[quote]Both Fred and George are Weasleys. == They both are Weasleys.
In the first sentence “both” is clearly a determiner (quantifier). You couldn’t say that ‘Fred and George’ is an appositive of “both” in this instance. It doesn’t rename or give more information about them, it just quantifies them. [/quote]
Nope, sorry. In the first sentence, Both is clearly being empoyed because of its “conjunction” usage.
In the second sentence, it’s an appositive.[/quote]
That’s correct according to Webster’s, but there are a lot of other sources that call it a determiner. Here’s one source:
fortunecity.com/bally/durrus … mch20.html
But thanks for giving the option. That might be the easier explanation.
As for the second one, I don’t think it’s an appositive. The purpose of an appositive is to clarify or give further information. “both” does not do this, but rather specifies quanitity. It would have been a convenient explanation, though, and I may still use it if called upon.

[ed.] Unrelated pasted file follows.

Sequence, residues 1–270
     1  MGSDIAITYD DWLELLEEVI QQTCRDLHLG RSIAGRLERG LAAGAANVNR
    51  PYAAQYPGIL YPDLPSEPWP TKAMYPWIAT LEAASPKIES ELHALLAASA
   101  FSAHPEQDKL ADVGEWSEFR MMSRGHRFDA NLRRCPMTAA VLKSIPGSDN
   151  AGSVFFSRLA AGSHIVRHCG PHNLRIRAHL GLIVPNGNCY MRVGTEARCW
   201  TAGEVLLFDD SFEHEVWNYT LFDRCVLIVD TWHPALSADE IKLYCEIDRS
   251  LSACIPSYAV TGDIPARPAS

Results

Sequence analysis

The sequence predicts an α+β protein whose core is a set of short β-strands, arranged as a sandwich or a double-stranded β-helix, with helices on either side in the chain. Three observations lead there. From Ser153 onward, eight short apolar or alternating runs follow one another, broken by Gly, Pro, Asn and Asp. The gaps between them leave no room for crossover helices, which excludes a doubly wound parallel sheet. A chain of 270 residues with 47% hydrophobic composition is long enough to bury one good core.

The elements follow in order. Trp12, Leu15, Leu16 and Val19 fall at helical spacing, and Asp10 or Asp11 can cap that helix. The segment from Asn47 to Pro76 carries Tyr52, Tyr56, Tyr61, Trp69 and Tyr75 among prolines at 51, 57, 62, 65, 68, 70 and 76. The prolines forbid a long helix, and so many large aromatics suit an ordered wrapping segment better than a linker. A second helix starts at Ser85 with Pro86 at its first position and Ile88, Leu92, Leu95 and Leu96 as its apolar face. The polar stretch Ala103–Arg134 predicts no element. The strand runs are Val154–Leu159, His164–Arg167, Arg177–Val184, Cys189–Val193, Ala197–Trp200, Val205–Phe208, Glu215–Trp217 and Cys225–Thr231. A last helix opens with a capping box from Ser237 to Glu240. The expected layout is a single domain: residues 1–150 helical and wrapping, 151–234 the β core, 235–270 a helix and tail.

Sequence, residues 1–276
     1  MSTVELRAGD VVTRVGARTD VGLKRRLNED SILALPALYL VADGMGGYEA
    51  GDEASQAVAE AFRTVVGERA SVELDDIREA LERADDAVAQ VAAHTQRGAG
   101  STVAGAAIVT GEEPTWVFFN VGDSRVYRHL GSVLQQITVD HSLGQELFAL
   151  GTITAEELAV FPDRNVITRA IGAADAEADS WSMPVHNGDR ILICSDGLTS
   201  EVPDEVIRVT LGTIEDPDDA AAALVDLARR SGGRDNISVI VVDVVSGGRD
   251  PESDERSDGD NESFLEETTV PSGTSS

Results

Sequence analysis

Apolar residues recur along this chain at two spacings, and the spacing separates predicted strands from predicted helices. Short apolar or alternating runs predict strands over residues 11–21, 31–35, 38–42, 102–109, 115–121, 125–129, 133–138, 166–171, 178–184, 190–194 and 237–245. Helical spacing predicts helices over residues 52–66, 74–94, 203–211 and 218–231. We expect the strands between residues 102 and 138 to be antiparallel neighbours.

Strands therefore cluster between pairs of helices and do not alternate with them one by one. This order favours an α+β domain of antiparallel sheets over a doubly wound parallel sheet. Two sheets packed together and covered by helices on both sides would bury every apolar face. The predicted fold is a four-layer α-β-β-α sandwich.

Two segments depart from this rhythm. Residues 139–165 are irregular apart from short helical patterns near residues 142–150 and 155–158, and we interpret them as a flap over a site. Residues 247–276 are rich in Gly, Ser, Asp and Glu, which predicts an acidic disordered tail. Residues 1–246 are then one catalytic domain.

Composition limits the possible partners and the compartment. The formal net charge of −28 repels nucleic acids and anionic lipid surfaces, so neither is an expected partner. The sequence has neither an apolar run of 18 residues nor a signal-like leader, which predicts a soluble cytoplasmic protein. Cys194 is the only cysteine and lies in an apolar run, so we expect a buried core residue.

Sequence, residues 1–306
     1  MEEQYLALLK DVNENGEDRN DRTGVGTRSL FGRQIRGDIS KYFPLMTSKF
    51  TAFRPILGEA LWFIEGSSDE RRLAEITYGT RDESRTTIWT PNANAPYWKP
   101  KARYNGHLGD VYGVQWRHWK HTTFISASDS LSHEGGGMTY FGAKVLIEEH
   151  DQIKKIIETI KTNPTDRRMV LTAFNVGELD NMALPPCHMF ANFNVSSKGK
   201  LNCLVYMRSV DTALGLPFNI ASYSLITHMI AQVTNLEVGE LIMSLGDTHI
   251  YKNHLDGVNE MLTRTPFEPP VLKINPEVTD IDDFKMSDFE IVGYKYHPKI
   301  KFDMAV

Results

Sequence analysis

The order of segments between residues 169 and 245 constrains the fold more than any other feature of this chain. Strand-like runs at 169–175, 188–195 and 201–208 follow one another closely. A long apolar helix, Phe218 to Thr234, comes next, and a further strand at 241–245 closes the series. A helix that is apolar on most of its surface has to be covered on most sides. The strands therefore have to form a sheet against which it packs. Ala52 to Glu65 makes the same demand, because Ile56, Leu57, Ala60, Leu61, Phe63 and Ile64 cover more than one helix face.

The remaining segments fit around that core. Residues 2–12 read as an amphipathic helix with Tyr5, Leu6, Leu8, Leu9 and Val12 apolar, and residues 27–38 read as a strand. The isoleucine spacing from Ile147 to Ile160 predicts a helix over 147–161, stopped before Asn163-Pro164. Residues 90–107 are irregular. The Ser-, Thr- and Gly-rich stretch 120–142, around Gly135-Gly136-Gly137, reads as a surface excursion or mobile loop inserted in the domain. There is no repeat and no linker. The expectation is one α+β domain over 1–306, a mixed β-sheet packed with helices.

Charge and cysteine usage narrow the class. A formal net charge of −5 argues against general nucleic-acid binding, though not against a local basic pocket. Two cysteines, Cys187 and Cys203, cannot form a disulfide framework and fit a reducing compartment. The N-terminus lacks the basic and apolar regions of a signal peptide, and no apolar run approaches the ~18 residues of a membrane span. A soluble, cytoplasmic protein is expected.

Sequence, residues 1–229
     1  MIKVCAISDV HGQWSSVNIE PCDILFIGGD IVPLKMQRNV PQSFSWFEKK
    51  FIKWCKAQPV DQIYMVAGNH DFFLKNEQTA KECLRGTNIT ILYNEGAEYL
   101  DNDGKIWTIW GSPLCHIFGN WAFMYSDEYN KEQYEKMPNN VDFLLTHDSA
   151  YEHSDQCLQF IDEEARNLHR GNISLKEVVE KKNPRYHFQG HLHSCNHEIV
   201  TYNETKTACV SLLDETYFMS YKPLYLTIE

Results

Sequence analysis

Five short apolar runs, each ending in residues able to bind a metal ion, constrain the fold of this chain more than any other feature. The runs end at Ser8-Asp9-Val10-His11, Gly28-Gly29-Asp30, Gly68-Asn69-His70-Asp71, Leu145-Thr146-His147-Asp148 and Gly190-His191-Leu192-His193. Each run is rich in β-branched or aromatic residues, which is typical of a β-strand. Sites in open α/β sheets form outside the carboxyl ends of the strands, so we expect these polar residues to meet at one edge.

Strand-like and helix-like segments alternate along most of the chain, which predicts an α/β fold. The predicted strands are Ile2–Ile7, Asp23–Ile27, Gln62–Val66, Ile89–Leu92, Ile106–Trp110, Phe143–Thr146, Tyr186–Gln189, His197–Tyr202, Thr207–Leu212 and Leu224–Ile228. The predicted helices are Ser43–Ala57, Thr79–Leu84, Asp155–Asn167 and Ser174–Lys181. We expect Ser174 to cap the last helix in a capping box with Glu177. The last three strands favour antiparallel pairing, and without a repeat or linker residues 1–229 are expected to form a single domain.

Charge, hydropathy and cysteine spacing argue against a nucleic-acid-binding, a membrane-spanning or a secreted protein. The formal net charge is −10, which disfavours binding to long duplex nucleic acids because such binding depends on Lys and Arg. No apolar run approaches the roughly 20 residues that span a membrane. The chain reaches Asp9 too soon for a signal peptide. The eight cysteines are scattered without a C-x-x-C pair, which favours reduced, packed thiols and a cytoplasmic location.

Classifying it as a conjunction seems to be in line with more traditional, Latin-based classifications of grammar. Classifying it as a determiner seems to be a product of modern linguistics. But since we’re teaching here in Taiwan it may best to stick to the traditional.
[quote]Both does in fact both “rename” and “give more information about” the subject They.
“we foreigners all”- foreigners would be an appositive for “we”, but “all” would be a quantifier. All does not rename “we”, it quantifies us. You could say “both we foreigners” or “we both, foreigners,…”
It seems that “both” and foreigners are functioning differently.